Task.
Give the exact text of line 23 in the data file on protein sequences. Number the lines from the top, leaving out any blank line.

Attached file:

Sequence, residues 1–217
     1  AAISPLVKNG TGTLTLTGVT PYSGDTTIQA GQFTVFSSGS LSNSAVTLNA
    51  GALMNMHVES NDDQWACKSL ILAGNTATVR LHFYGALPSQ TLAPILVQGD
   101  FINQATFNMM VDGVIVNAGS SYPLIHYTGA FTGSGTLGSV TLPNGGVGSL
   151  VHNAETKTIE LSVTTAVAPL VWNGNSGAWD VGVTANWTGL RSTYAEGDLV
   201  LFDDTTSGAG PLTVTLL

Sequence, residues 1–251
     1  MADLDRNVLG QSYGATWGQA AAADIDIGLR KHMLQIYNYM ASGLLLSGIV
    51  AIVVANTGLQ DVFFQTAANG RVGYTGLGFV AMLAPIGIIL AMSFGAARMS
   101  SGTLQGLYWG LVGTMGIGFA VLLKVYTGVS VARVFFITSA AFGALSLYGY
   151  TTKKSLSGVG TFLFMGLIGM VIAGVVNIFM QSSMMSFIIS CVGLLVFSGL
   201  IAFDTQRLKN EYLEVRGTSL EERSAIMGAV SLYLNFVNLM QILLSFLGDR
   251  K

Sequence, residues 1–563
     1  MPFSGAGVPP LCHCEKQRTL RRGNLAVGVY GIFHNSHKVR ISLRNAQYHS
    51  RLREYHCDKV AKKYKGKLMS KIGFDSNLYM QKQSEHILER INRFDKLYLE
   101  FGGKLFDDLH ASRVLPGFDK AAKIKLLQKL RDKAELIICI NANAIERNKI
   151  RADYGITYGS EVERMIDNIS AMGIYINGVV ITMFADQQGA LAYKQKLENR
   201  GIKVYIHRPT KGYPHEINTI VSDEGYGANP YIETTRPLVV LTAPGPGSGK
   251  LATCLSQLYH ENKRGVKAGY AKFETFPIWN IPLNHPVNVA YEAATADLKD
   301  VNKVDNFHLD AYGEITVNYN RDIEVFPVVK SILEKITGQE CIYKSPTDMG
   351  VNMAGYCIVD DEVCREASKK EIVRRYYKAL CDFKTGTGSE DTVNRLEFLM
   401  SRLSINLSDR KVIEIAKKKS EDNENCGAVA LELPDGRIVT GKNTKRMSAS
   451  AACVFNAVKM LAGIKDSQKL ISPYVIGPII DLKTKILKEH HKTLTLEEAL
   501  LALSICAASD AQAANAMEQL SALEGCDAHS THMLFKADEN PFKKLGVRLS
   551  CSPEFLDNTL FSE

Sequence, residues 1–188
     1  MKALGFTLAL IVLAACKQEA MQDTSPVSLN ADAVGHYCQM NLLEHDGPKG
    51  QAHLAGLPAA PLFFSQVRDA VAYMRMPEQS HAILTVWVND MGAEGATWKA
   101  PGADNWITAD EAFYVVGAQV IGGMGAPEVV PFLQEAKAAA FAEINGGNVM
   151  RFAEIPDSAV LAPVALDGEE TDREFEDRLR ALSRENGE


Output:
   401  SRLSINLSDR KVIEIAKKKS EDNENCGAVA LELPDGRIVT GKNTKRMSAS